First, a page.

Monday, June 8, 2015

Liturgical Organ Playing Techniques

The liturgical organ requires the organist to be comfortable with several parts of the organ and their uses in a liturgical performance. Most church organs are full pipe organs that create sounds capable of filling an entire concert hall. Most organists start as piano players and then move on to the organ after proficiency on the piano develops. To play the liturgical organ well, the player must know each of the main parts of the organ and the proper technique to use each component.

Footwork Technique

Foot pedals may be confusing to the new organist, as the ones found on the organ do not appear on pianos. The pedals line up like the keys on the piano. There are longer pedals that correspond to the white keys of the piano and shorter pedals that correspond to the black keys. To play these pedals, the organist uses a pattern of heel-toe alternation. The organist presses the first pedal with the heel while the toe hovers over the next pedal, before depressing it with their toe. This creates a smooth counterpoint to the main melody played on the keyboard.

Stop Technique

Stops are a complicated liturgical organ technique that requires lots of practice and experimentation. The stops look like buttons and control the timbre of the instrument. Each stop corresponds to a different organ pipe. When used correctly, the stops can create several sounds, including passive and subdued background textures appropriate for sermons or more striking sounds for strong and powerful hymns. Stops have labels with a number that corresponds to a specific pipe. The higher numbers will correspond to larger and deeper pipes while the lower numbers correspond to higher pipes. This makes it possible to change the intensity and quality of sound to fit appropriately with the religious liturgical music.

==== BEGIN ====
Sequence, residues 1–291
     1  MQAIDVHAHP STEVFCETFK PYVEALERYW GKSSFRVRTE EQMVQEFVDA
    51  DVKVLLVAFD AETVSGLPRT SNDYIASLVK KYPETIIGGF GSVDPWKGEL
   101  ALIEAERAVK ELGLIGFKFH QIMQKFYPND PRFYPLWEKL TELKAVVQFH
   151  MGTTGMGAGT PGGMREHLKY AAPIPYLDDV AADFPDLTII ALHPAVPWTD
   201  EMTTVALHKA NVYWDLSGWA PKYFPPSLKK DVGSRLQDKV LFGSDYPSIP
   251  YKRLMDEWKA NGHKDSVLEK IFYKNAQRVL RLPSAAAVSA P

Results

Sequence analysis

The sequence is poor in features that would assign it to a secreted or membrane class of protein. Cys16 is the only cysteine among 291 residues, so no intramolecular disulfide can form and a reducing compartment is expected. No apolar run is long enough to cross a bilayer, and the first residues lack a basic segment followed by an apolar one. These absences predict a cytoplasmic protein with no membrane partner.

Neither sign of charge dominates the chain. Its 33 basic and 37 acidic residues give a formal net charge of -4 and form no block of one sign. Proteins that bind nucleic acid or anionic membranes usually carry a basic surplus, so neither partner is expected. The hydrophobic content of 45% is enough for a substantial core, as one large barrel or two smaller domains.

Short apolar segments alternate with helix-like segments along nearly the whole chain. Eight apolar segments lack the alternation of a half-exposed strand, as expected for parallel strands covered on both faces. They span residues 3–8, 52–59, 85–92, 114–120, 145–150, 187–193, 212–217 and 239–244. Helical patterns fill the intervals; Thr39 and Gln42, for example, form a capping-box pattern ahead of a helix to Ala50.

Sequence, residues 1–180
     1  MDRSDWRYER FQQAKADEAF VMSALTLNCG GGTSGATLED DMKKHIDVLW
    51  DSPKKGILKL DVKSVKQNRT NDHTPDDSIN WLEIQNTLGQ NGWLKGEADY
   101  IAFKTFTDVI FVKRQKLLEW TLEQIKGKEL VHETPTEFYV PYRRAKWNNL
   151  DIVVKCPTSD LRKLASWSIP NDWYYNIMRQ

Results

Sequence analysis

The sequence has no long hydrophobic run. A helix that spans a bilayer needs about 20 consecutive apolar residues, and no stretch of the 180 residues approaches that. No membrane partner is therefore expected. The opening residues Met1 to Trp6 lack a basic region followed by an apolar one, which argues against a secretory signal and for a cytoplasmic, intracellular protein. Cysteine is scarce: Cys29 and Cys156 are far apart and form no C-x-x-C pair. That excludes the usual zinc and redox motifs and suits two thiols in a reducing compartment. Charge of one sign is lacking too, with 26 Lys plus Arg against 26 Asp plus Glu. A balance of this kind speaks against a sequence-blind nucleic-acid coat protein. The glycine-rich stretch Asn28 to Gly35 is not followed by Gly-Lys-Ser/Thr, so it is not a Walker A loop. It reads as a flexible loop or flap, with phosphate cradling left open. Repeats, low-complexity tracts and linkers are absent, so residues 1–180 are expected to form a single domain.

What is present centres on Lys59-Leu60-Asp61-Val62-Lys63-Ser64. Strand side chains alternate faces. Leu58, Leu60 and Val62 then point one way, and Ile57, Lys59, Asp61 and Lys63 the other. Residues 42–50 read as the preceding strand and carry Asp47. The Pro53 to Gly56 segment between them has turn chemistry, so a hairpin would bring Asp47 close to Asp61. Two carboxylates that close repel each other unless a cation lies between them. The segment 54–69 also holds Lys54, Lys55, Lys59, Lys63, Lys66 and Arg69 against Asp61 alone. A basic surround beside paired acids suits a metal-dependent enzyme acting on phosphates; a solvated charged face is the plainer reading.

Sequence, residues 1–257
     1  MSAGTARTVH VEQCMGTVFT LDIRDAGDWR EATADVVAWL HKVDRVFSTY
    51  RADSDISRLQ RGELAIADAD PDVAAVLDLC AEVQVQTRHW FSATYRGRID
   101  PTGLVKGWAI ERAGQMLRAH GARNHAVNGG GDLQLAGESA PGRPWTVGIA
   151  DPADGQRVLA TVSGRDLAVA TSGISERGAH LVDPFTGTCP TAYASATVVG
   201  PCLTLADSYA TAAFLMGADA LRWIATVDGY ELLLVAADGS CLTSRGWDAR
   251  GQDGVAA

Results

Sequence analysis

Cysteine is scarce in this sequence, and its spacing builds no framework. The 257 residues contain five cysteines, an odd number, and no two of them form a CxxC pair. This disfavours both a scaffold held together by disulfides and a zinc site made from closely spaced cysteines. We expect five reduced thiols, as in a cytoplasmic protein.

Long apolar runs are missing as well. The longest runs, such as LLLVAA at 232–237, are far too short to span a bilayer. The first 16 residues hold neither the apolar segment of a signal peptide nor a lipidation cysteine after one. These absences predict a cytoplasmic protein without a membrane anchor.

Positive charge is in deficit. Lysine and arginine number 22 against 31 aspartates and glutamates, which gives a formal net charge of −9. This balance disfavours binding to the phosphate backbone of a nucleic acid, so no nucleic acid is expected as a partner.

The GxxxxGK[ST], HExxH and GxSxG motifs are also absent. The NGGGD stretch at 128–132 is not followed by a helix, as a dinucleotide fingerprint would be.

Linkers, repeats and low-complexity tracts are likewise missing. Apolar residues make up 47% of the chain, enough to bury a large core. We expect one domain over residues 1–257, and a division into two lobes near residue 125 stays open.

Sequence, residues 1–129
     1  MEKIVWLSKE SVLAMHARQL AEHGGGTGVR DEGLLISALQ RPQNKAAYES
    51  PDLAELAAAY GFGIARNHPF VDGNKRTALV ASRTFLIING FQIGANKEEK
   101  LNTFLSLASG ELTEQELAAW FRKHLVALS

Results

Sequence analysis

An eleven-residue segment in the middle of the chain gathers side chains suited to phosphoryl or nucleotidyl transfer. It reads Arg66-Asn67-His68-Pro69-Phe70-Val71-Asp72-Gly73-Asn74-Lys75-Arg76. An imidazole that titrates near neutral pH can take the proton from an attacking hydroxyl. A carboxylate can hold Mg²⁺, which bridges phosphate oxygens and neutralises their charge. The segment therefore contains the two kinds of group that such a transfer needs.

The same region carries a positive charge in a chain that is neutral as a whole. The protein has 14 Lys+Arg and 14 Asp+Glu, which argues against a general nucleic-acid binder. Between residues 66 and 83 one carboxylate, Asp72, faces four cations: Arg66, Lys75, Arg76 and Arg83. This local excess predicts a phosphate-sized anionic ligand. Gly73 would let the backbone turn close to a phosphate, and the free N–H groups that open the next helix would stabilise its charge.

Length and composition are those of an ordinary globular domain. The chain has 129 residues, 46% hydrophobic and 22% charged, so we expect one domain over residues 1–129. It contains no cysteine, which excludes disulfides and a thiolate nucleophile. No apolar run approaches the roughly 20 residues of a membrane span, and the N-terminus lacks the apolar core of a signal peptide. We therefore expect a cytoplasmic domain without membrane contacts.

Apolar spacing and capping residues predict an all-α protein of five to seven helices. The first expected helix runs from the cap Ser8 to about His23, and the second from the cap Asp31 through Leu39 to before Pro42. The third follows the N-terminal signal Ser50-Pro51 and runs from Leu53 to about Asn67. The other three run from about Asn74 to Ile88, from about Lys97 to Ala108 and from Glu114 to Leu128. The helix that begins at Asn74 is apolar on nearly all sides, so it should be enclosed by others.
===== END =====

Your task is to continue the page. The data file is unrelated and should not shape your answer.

Keyboard Techniques

Most organs will have two keyboards controlled by the stops the organist has pre-configured. These keyboards do not respond in the same way as a piano. The piano is a touch-sensitive instrument, meaning that each note produces volume in relation to how hard the pianist strikes the key. With the organ, this is not the case and the notes will immediately stop when the organist lifts his finger. To create a connected texture on the organ, the organist must develop a legato playing technique in which each note releases immediately before another is depressed. It is also possible to increase and decrease the intensity of the instrument by playing more than one keyboard at a time. This technique often appears in church music to indicate downbeats and new musical sections.

Swell and Crescendo Technique

While it is not possible to change the volume of specific notes on the organ, it is possible to create crescendos. Two separate pedals control these crescendos and swells. The swell pedal will restrict the airflow depending on how far down it is depressed. This creates brief moments of crescendo and decrescendo within the music. The crescendo pedal operates by completely shutting off or adding additional stops. The extra octaves created by this technique will increase the sound of certain sections, but this is a very difficult technique to master and employ subtly.